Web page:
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Gallery2: Great Featureset, Poor Execution

This weekend, I took a real stab at Gallery2. It has an immense yet well-managed feature set, it is spectacularly modular, and it is highly configurable. Unfortunately, underneath its glossy exterior, it is depressingly slow, and, if I dare demean a feat that I in no way consider myself capable of accomplishing, the software is very poorly done under the hood.

Unlike the last time I tried, I figured out how to set the name of the main gallery page. The answer is really simple, once one understands the way that gallery thinks – the main gallery page is itself an album. Once I understood this, it was easy to change this album’s name. Also, getting rid of the sidebar became easier once I understood that in Gallery 2 allows default configurations that apply globally but can be overridden at any level. Before, I had removed all items from the main gallery’s sidebar, expecting it to remove from each sub-gallery as well. Unfortunately, they retained the global configuration and the sidebar remained. My initial attempts at getting the durned thing to work I think speaks volumes about the Gallery 2 experience: wonderfully cumbersome.

However, I persisted and recently got everything working just about how I wanted it to be working. Well, almost. You see, I had imported all of my Gallery 1 images using the nice import feature, setting the title and summary fields appropriately. However, after importing and browsing around a while, I decided I wanted the description fields to have whatever the summary field had. This was an option available upon import, but not afterwards. Well, no problem, I thought. I know SQL well and I can have the database copy the correct information over. Right? Wrong!

After wading through the tens of tables, none of which were particularly well named for someone embarking on my task to figure out, I successfully completed the query and verified my results using phpMyAdmin. However, when viewing the gallery pages, the changes I had made didn’t show up. So I tried editing one of the description fields using the Gallery interface to do so. Trying to save the change resulted in a gallery error with a stack trace a dozen lines long. I had to go back and undo my changes in order to restore order to the universe. To find out where I went wrong, I dumped the database using phpMyAdmin before and after making a change using the Gallery interface. The secret was that a timestamp was changing that somehow cued Gallery in to the change it was making. Without the proper timestamp change, changed data doesn’t show up and further attempts to edit fail.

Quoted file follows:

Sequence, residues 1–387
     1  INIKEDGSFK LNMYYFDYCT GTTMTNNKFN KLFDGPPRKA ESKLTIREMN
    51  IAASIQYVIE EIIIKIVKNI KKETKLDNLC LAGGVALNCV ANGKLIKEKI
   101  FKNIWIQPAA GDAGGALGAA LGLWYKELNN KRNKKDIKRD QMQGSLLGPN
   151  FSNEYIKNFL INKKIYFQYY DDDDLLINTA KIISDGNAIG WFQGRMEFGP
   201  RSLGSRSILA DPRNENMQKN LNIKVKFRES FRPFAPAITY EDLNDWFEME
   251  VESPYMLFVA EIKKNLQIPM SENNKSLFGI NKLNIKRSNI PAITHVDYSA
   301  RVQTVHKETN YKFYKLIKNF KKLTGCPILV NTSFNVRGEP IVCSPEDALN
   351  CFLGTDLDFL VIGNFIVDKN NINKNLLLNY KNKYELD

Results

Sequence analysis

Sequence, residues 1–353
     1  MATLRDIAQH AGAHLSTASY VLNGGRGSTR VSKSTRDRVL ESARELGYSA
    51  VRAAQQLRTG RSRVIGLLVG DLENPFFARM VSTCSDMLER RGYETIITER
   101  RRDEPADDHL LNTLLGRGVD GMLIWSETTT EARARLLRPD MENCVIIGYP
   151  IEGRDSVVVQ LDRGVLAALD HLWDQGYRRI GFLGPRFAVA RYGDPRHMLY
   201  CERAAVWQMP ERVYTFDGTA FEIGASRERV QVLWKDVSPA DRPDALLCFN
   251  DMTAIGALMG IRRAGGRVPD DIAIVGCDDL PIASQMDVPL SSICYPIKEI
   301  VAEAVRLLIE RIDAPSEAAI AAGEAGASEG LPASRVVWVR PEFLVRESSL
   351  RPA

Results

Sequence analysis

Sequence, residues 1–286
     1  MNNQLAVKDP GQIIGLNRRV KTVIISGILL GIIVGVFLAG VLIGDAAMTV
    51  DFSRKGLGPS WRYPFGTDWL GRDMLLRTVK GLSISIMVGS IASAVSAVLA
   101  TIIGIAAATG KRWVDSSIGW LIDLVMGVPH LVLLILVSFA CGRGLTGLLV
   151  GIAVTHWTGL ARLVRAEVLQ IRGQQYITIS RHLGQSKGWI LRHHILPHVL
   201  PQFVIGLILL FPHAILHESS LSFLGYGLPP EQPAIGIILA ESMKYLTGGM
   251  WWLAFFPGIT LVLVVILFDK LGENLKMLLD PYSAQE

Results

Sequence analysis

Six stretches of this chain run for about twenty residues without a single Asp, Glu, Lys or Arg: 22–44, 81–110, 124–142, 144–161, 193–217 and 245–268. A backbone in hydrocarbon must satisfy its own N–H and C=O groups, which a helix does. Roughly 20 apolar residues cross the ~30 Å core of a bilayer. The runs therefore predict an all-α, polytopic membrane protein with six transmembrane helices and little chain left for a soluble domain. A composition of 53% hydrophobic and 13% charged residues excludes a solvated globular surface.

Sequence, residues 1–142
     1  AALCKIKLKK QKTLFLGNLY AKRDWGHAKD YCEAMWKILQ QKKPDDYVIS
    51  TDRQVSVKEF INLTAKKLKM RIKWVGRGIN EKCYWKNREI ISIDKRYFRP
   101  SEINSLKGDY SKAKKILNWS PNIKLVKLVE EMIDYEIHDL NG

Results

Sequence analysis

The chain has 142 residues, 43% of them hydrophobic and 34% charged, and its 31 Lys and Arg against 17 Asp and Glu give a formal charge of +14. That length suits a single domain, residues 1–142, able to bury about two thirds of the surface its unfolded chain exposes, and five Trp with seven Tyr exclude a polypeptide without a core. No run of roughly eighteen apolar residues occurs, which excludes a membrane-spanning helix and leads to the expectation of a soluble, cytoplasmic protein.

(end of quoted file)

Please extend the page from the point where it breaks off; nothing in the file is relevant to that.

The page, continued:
Unwilling to learn the Gallery 2 API just to fix this one problem (a task I tried to wing last night, but failed despite meticulously following documentation and diving pretty deep into the code), I came up with an alternate solution: deleting all the albums and reimporting them correctly. Quick trick, right? Wrong! It turns out that deleting albums is a long and involved process that takes a long, long time, at least on oasis, the machine running What could be so complicated about deleting an album? Maybe it had to modify those timestamps for every picture it deletes? I wouldn’t be surprised!

So, after the delete finished (several minutes later for a little over 3,000 pictures), I proceeded to re-import my Gallery 1 albums, this time using the correct settings. Straightforward, right? Wrong! Each album I imported inherited the settings of the main gallery instead of the global defaults. I had set up the main gallery to display albums, and the global defaults to display pictures. So I had to go to each gallery and manually change the settings – a cumbersome process made worse when each page is sluggish to load.

I finished this whole process not too long ago. However, the stack of issues I had to fight against took their toll. Combined with infernal sluggishness, I am strongly considering throwing away all of this work and simply moving to Gallery 1.5. While not database driven, I’m pretty sure I don’t want a database-driven application built by the same people that developed the insanity that is Gallery 2’s backend.

I say all of this with much respect for the Gallery 2 team. Their software is a work of art. But I’m not ready to call it good. Good software makes hard tasks easy and does what you expect. Gallery 2 has done neither for me. For all of its features, it seems to lose sight of what is most important: displaying images quickly and easily.

2 Responses to “Gallery2: Great Featureset, Poor Execution”

  1. Stickman Says:

    I’m planning on building my own gallery sometime. Give me a list of features you want and how you want it to behave and I’ll see if I can work any of them into my plans. I’m crazy about optimization, and I develop on an old dual PII 266. If the code isn’t fast enough on that machine, I fix things until it is.

    Don’t expect it to appear in all its glory anytime soon, though. I’m too paranoid to use someone else’s software, but I’m too busy to really make my own.

    Right now I’ve got the most basic of “galleries” up that took me all of five minutes to make. It’s more of a “sketchwar” than a “gallery”, though.

  2. The Deliverator - Wannabee Says:

    New Blog Addition
    I chose to install Gallery 1.5 rather than the current 2.0 release based largely on Ryan’s mixed experiences with version 2.

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